MOTOR MOUTH: Mercedes E300 BlueTec Hybrid SE estate

A hybrid isn't just for the worthy, says Sathnam Sanghera, this one's elegant, smooth and better than the petrol model.

by Sathnam Sanghera
Last Updated: 02 Oct 2014

If people were asked to name, in the form of a Family Fortunes survey, the smoothest things known to man, the top 10 responses would doubtless include, alongside Sean Connery and the music of Sade: (a) an electric engine; (b) air suspension; and (c) a Mercedes automatic gearbox.

The amazing thing about this car is that it features all three. And such is its utter elegance as a consequence that you can pull out of your drive on a Monday morning making less noise than a cat. And then, as you set off down the A41, you will experience a ride so comfortable that you may as well still be in bed, lounging across a set of Hungarian White Goose Down Pillows. If it were any smoother, it would be flogging you a timeshare in Spain while sleeping with your wife behind your back.

The only note of inelegance comes in the form of a diesel engine, rather than petrol one, which kicks in when the battery runs out. But the advantage of this is almost supernatural fuel economy. I drove it for more than 350 miles and did not even have to think about refuelling. This was, of course, partly a consequence of the large fuel tank, which came as one of the extras that took my test model up to a price of £49,650. But it was mainly the result of a miraculous hybrid system.

And that is the thing about this car. Estates do not usually get me excited: they are the bread and butter of the business car market. Hybrid cars, meanwhile, invariably have an effect that's the opposite of Viagra. But this hybrid estate is properly thrilling. It has everything you would expect from a Mercedes: performance and sharp handling, swish technology such 'attention assist', which monitors steering behaviour and can help alert to long-journey fatigue, and good looks. But it combines it all with the kind of abstemiousness you would normally only see in a Buddhist monk.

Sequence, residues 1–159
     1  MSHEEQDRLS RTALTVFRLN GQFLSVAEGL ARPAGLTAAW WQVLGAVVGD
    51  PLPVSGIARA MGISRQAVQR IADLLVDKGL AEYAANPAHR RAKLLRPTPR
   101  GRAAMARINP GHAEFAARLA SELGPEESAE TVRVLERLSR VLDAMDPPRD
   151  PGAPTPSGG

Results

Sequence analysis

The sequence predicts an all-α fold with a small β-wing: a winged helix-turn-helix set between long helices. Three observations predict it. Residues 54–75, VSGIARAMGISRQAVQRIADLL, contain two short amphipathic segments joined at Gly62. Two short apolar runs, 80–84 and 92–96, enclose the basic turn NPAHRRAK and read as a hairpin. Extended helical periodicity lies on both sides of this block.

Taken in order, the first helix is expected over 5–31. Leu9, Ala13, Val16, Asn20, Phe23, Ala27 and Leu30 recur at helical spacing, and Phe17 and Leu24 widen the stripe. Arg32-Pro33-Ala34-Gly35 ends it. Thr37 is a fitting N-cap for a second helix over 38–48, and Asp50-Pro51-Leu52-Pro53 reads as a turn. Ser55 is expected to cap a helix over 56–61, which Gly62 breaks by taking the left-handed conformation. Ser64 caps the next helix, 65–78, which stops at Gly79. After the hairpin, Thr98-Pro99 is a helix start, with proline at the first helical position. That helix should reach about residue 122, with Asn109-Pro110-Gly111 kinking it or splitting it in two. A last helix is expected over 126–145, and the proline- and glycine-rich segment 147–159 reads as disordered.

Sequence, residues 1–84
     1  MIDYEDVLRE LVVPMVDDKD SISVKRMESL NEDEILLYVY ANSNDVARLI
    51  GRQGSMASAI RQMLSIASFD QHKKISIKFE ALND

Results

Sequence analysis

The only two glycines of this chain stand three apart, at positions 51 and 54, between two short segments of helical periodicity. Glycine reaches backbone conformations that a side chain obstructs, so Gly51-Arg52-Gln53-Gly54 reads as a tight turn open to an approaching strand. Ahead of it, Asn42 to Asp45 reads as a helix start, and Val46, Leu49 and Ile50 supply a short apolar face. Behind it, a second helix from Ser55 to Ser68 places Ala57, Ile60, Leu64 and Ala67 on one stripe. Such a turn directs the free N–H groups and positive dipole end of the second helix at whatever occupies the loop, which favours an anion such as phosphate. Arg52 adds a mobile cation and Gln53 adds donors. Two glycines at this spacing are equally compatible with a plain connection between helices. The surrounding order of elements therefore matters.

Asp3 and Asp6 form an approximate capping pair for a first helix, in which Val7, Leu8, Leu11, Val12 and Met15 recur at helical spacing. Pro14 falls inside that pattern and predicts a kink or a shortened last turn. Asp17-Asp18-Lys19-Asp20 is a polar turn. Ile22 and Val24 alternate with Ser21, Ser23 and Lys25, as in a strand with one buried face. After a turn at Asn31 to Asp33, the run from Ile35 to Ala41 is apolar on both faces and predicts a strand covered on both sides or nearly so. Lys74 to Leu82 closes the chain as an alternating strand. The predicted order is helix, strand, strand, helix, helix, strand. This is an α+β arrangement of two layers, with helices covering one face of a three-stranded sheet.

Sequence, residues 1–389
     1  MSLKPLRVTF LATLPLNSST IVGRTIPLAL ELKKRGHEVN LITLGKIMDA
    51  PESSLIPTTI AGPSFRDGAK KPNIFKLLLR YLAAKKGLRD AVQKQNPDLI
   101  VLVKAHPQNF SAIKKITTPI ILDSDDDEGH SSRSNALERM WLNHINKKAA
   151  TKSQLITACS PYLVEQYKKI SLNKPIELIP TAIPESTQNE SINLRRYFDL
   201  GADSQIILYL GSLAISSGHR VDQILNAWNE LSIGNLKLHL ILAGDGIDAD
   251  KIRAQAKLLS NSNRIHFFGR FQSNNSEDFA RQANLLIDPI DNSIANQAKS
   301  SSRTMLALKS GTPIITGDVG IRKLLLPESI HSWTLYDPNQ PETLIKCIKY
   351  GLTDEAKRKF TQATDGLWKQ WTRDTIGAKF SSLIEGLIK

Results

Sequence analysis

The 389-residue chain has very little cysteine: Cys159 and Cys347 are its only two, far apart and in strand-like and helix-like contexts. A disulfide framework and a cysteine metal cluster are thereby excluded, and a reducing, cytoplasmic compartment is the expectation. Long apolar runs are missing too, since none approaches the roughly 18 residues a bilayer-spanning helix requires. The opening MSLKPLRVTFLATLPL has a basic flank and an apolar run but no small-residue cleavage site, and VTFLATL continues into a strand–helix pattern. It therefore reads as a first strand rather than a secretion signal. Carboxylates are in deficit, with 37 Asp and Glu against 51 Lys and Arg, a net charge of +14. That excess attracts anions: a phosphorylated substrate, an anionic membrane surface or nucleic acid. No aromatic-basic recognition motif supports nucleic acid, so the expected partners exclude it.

Until now, buying a hybrid was something people forced themselves to do - like eating vegetables - because it was a good thing to do for the environment and their personal finances. But this car is the first hybrid I have driven that has more cachet than its fossil-fuel equivalent. Which makes it important, in an unpretentious, smooth way.



Engine: 2,143 cc, four-cyl, twin-turbo, diesel
Transmission: seven-speed automatic
Fuel consumption: 62.8 mpg (combined cycle)
CO2 emissions: 119 g/km
Power: 204 bhp @ 4,200 rpm and 27 bhp electric motor
Torque: 369 lb/ft @ 1,600-1,800 rpm
0-62 mph: 7.8 seconds
Top speed: 144 mph

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